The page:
In my early twenties I went back to college to study electronics, and I did really well so my company let do the BTEC ONC and then the HNC as well. In my first ONC maths lesson the teacher said that we wouldn't get through course unless we were numerical. I worked hard at the maths and in my first maths test I went white cold. I thought to myself, that I will never do another course like this again. Anyhow, I got 100% in the exam.

After that I ended up zooming through the ONC and HNC getting near 100% in everything.

I came to the conclusion that he reason I did not do well at maths at school was because of 'learned helplessness'. I just intrinsically believed that I could not be clever, or good anything, and so I never tried. Well, you know, only clever people are good at things, like maths, or being a musician, and I wasn't clever, I told myself.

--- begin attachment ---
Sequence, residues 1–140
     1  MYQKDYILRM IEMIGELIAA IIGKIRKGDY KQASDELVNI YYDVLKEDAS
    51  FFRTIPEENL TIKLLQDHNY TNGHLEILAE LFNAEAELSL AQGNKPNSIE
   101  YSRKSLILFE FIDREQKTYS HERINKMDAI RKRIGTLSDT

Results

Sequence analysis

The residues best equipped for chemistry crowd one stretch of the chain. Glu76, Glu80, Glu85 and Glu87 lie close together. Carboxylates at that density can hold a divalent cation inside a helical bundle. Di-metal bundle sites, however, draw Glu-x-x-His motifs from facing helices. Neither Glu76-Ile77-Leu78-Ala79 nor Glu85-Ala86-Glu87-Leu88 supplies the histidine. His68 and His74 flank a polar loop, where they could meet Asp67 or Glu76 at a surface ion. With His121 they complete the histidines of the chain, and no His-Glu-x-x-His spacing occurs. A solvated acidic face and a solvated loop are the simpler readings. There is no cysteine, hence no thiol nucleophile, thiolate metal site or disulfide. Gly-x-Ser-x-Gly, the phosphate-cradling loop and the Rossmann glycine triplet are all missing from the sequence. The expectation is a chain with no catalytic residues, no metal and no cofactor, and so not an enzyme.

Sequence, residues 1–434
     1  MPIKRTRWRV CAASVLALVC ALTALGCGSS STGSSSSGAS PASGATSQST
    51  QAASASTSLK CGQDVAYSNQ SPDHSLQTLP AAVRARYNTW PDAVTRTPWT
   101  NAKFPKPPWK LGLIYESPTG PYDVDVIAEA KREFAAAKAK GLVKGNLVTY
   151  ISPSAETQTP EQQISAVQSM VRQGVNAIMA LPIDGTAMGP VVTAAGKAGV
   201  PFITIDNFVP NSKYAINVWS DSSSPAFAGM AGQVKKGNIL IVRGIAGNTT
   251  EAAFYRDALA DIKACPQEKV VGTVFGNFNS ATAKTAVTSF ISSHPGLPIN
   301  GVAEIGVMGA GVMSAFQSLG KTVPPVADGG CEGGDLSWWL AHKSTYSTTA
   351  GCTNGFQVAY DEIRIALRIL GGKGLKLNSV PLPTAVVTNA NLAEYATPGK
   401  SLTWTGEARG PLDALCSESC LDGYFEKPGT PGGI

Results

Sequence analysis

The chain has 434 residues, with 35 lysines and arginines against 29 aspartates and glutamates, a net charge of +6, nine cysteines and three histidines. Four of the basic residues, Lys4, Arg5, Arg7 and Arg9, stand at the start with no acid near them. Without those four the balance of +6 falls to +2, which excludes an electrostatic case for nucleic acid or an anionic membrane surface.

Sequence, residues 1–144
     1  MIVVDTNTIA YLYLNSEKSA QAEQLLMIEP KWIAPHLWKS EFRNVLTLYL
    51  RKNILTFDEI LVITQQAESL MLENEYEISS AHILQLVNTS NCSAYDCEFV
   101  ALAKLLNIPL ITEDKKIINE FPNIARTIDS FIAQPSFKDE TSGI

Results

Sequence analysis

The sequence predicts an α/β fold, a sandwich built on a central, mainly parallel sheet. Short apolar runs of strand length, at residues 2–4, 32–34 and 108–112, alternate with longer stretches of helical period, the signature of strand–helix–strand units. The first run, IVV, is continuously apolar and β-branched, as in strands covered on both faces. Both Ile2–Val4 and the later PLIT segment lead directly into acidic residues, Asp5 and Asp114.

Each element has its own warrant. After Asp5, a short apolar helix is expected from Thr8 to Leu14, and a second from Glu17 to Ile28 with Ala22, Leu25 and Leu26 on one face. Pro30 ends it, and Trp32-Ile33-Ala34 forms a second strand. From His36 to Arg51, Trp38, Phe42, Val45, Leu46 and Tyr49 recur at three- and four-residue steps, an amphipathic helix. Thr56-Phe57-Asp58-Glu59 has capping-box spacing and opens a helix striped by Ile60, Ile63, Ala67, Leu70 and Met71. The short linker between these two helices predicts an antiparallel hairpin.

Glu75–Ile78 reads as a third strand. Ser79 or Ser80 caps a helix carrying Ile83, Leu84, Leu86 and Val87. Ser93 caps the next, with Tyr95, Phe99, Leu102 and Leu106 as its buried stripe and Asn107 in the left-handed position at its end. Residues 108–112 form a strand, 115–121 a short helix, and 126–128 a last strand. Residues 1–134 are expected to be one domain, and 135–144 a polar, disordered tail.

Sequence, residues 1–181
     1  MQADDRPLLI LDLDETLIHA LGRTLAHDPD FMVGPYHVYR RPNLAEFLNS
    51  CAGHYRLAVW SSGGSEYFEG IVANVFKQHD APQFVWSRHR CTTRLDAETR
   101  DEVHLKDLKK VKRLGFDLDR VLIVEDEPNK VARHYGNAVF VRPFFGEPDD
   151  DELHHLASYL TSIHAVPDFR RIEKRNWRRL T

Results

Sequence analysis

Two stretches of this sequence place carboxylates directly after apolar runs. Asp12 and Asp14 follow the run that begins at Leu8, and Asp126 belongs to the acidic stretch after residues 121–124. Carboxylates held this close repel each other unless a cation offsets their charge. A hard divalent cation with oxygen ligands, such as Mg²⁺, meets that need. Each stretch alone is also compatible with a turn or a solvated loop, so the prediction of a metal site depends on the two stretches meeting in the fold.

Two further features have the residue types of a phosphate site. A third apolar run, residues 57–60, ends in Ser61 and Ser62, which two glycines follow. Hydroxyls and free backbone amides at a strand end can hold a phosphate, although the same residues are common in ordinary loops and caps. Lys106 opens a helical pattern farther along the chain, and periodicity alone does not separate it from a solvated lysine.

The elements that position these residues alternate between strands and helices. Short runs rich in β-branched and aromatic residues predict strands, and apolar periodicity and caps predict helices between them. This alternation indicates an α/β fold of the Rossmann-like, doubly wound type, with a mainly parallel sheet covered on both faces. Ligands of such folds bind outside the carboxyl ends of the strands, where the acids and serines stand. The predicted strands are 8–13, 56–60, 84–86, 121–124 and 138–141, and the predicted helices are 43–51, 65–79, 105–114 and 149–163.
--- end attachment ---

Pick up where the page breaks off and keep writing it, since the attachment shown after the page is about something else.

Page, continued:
Our BTEC maths teachers would tell us not to trust our calculators because it is so easy to put in the wrong number, so they advised us to do a rough mental guess first. By rounding up numbers and then using the '10 to the power of' system, I found it surprisingly easy to do mental arithmetic.

Years later I picked up the acoustic guitar and decided to learn to play it, but again I believed I would never master it because my mind said to me that only gifted people can play a musical instrument, it but I ignored this inner voice. Today I now play the guitar and the piano, although I'm nowhere near professional grade yet. I'm now putting together my own songs, although though I won't play them to anyone. But it's still good fun.

At 21 November 2015 at 10:40 , Anonymous Anonymous said...

I have read Aangirfan for years, but have never commented here before.

This article is Brilliant.

Thank You.


At 21 November 2015 at 11:36 , Anonymous Anonymous said...